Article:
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How do you build a snowman?

How do you build a snowman?
By Adolfo Ramírez Corona • Issue #2 • View online
Hello! I’m [[Roaming Writing]], again, telling stories for thinking, exploring the most ancient tool for thought, and retrieving the art of hupomnemata. Would you like to join me?

How do you build a snowman?
Photo by Ethan Hu on Unsplash
Photo by Ethan Hu on Unsplash
A boy who was what we can call the attention paradigm of any psychologist responded to this question in a very focused way.
“Ok, if I want to build a snowman, I start making a plan, like any superhero would do. For that I would use a picture or a draw to know how I want the snowman to look. What do I need for that? Then, I would gather the materials to build it. I may change the plan according to the materials I found, you never know. Finally, I would put everything together, one thing at a time. And voila, you have a snowman.”
A girl, not the ideal example of an attentive child, had another approach.
“I run directly where the snow is. I touch it, I feel it. Then I like to play with it in any possible way—making balls and throw them away, making angels in the snow, sculpt little animals, jumping on it… Doing this, at some point, the snow is going to take the form of a big ball or two, and you are going to feel that a snowman is possible. You may start with a little one. Or maybe you want to go directly for the biggest snowman ever. Or maybe you want to try more than one. What about a snowman family! ”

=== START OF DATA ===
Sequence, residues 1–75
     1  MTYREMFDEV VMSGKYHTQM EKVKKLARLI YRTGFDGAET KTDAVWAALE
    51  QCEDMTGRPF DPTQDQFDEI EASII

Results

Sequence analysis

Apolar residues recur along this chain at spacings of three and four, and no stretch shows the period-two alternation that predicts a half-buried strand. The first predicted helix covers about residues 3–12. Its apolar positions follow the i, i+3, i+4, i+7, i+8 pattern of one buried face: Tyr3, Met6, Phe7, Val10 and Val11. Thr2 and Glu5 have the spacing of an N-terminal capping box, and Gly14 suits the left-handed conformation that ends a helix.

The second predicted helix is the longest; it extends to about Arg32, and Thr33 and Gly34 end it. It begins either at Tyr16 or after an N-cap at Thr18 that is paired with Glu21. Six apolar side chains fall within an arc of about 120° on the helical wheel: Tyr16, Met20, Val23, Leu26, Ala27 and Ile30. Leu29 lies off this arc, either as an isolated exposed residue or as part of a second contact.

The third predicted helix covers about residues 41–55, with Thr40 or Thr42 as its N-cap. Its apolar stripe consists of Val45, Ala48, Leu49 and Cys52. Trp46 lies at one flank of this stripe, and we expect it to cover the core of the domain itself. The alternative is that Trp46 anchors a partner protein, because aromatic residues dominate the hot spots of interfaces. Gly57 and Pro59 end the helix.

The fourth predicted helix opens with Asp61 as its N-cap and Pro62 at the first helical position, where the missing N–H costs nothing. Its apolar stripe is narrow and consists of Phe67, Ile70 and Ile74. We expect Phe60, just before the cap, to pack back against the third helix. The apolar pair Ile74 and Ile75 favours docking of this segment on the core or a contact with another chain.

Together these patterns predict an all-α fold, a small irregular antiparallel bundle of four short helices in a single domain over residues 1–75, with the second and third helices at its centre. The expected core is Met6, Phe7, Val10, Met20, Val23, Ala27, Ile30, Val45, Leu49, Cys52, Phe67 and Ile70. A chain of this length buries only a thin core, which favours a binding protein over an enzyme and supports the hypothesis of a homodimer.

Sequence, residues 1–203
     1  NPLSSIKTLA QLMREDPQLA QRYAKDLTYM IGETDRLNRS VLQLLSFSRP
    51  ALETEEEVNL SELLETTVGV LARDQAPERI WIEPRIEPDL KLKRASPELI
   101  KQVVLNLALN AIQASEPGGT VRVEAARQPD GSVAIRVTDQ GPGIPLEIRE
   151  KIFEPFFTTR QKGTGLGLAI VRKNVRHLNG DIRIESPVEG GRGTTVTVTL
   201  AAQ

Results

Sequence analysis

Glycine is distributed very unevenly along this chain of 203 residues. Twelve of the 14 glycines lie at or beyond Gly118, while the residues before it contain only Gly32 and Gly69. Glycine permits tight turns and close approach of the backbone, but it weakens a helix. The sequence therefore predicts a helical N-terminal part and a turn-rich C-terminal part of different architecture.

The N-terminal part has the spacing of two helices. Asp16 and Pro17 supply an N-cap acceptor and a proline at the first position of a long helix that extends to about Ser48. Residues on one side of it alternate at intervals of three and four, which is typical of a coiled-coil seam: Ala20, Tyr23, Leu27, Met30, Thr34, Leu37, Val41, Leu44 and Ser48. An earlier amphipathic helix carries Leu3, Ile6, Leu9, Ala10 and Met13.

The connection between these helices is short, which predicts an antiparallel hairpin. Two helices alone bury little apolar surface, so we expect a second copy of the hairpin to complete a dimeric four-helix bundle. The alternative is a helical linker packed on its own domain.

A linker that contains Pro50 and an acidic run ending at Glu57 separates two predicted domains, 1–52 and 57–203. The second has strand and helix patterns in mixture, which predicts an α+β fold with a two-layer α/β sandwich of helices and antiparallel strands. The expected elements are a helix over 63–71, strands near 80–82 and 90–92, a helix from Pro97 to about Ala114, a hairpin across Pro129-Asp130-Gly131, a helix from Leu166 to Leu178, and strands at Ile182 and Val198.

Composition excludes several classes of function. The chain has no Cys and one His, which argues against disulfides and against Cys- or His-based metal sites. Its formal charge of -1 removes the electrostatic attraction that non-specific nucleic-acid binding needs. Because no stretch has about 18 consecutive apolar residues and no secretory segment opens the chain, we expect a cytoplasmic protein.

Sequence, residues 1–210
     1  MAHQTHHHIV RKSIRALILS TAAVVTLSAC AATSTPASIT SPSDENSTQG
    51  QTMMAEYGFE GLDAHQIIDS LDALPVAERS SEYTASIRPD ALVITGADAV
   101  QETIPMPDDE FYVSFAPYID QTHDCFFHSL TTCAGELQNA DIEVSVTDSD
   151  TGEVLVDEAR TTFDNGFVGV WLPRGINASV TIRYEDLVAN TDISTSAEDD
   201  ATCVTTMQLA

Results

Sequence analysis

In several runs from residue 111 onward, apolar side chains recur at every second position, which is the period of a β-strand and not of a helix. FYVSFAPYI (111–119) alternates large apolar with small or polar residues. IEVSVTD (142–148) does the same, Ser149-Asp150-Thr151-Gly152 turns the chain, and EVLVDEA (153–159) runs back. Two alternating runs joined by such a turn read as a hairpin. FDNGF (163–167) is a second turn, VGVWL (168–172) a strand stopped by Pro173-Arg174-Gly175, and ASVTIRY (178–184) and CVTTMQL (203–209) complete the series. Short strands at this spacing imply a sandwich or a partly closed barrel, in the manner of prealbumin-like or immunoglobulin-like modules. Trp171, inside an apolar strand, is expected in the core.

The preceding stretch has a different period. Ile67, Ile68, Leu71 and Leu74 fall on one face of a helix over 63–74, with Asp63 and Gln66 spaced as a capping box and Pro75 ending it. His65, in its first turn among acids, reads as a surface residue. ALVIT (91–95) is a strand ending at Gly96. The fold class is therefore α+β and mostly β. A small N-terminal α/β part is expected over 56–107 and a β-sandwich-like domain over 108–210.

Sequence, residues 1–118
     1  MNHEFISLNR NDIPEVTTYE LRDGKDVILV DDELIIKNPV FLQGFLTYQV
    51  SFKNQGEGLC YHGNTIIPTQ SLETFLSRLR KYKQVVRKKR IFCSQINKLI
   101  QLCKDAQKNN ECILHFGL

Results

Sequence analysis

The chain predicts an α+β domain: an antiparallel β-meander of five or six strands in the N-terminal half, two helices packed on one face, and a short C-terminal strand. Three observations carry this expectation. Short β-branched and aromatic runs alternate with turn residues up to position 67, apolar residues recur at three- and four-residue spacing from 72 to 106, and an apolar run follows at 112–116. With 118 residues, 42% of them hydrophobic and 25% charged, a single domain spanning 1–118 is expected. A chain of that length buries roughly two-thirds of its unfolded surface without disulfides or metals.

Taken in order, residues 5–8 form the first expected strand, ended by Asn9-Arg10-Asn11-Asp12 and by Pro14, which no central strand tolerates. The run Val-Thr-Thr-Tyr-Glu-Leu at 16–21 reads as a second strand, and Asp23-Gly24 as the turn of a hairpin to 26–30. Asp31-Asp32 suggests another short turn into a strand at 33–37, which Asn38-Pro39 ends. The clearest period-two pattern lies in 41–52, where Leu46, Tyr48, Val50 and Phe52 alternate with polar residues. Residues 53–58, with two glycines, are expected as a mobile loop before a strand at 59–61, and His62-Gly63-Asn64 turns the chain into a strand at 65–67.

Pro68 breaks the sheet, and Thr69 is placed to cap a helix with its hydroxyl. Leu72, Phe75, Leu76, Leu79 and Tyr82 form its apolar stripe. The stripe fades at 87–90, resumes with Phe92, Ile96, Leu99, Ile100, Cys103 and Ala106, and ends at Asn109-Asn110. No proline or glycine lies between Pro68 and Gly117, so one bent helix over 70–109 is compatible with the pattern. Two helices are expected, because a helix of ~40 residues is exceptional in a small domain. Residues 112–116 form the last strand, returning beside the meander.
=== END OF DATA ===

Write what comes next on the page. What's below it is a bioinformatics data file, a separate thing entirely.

How do you build a snowman?
Children of Roam
Photo by Federico Di Dio photography on Unsplash
Photo by Federico Di Dio photography on Unsplash
For tools like Roam Research—and similar personal knowledge management apps— there are also two basic approaches. I’m going to call the first one, ‘slip-boxing’, and the second one, ‘memoing’.
Slip-boxing thinks in boxes, is structured, planned; likes ideas and order. If the boy in the story was going to use Roam, he would use the slip-boxing approach.
Memoing lets ideas, sensations, feelings, emotions—experiences!— flow and accumulate; likes freedom and associations. If the girl in the story was going to use Roam, she would use memoing.
How do you build your database graph?
Upcoming courses and events
I’m doing a little survey to see if there are enough people interested in this course about memoing, hupomnemata, and everything about self-writing.
Self-writing as a Tool for Thought
If you are interested in tools for thought, here it comes a more playful approach. Starts in two weeks.
I Ching as a Tool for Thought
Just for fun
If you haven’t see this video, it’s becoming a meme between the #roamcult. Interesting.
Exploring Networked Thought: The Story of Roam Research
Exploring Networked Thought: The Story of Roam Research
Thanks for reading and sharing!
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